I never dreamed I’d make it into MIT’s Graduate Program in Science Writing. As I waited for my decision letter, I began to think about what I would do if I didn’t make it in. I drew from my hobby: gardening. If I didn’t make it, I’d plant the most luxurious, vibrant, show-stopping garden within my means. It’s good to have odd goals in life, sometimes. Right?
When I got in, those plans for the garden shriveled up. But my desire to cultivate didn’t end—it only grew.
I decided to embark on a similarly odd journey the summer before graduate school began. I’d germinate an avocado seed—just to see if I could do it.
To germinate an avocado seed, you have to gather some odd tools: wooden toothpicks and a clear glass custard holder with a top just wide enough to fit an avocado seed. Find the top of your cleaned seed and push the three toothpicks into the seed gently at points equidistant from each other, about a third-of-the-way down from the top. Gently lower the avocado seed into the custard holder so that the toothpicks hold up the seed against the edges of the custard holder. Then, add water into your custard holder until about half of the bottom of the seed is covered.
Then wait. Adjust the position of the seed, add water, nurture. Repeat.
The seed took six weeks to sprout. I had done it. I was ready to start graduate school. And when I got to MIT, I realized that there was something quite similar between the processes of sprouting avocado seeds and making friends in graduate school. For the avocado seed—it wasn’t a normal process: I didn’t just throw it in a hole in the ground like you can do with most other seeds. At MIT, you can’t expect to make friends the same way you did in high school or even undergraduate: at this point, most people have their own lives, relatively defined ambitions, and, further, aren’t in the classroom with you every day.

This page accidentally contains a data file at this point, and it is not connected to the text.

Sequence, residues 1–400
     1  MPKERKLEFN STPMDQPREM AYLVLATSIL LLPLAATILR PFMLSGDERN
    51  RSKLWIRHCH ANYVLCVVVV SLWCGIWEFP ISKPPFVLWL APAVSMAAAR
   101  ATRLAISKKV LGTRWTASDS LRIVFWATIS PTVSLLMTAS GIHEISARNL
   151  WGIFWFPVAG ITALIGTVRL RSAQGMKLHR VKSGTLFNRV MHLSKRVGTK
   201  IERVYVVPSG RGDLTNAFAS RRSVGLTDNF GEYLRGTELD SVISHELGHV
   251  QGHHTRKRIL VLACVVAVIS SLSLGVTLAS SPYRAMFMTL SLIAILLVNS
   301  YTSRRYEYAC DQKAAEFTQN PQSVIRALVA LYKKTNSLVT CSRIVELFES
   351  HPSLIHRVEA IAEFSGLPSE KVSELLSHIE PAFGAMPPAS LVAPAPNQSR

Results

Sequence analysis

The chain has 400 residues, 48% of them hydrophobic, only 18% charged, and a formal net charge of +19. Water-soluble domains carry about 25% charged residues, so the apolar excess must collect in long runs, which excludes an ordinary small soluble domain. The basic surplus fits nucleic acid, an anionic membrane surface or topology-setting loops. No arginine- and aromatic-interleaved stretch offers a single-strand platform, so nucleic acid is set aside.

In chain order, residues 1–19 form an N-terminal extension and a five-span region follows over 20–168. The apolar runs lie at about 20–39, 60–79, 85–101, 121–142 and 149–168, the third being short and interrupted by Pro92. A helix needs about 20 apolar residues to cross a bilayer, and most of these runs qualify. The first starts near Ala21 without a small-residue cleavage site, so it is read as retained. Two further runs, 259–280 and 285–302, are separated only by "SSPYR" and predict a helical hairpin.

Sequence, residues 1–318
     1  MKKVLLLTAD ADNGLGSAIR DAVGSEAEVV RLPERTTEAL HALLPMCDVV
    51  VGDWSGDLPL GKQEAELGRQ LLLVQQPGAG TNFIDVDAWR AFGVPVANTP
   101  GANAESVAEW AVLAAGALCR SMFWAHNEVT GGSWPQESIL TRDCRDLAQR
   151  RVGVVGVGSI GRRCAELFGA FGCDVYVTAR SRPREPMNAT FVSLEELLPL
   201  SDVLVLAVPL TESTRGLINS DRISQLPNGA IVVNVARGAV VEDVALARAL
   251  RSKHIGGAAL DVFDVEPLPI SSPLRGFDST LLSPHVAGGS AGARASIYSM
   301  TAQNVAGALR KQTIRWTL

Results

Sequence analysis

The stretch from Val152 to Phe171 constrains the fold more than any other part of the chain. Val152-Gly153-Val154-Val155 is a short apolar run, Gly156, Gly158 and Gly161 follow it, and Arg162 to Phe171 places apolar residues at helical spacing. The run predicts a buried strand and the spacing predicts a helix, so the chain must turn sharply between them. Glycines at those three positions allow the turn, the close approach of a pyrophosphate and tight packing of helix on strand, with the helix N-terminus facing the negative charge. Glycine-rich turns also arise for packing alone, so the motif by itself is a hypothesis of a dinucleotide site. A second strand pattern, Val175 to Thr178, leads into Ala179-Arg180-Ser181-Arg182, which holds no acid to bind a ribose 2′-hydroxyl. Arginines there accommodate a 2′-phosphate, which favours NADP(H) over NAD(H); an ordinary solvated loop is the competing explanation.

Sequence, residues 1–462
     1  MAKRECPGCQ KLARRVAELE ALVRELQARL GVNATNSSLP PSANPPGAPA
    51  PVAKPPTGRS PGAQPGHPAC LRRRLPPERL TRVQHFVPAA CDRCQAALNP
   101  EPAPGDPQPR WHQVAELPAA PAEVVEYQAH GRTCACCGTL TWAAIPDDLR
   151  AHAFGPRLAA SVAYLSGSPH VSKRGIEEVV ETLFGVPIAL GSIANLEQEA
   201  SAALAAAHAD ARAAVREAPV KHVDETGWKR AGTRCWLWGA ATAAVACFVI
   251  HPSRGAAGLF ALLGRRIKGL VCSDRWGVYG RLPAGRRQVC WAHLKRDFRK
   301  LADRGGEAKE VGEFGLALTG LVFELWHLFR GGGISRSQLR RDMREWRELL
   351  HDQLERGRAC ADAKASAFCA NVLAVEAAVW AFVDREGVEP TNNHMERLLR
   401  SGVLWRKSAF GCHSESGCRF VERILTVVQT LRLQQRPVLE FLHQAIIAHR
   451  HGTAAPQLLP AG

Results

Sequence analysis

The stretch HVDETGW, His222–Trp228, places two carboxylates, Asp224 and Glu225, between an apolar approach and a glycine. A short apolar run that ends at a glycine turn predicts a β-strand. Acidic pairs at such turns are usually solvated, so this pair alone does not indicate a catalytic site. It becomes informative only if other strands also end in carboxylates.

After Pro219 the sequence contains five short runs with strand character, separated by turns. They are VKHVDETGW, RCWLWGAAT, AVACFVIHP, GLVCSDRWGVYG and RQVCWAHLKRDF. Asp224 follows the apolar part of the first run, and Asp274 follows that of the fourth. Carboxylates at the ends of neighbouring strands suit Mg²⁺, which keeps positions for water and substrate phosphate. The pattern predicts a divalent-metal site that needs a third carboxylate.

Graduate student friendships are like avocado seeds—they require a bit more effort before they take root. Nurturing friendships with graduate students, especially outside of your department (which I highly recommend), takes a bit of, engineering. But, unlike germinating avocado seeds, there is no three-step plan. It’s multi-faceted, and it begins at graduate orientation (for which the Graduate Student Council does a rocking job, by the way). Introduce yourself, meet strangers—take note of where they’re from, what they’re studying, and grab their contact information one way or another. Find a way to meet again with them outside of orientation activities, perhaps in a small group with only two or three other first-years, too. Small group meetups and activities allow you to bond and get to know someone better. Keep repeating this process with different groups of people—again, especially with people outside of your department to gain diverse perspectives on life, the pursuit of education, and science. When you’re not in the lab, in class, or practicing totally crucial self-care, you should be out meeting new friends!
Eventually, true friendships will take root. Six weeks into my time at MIT, I was exhausted from classwork and writing, but also from meeting up with new friends in every free moment. But it was so worth it—it worked. I felt like I had a solid group of friends from a whole range of departments and backgrounds with whom I could study, go to the Muddy, or check out all the cool events around Boston and Cambridge. The anxieties I had about making friends disappeared. Six months in, I knew I’d made some true friendships—ones that I would miss after graduation.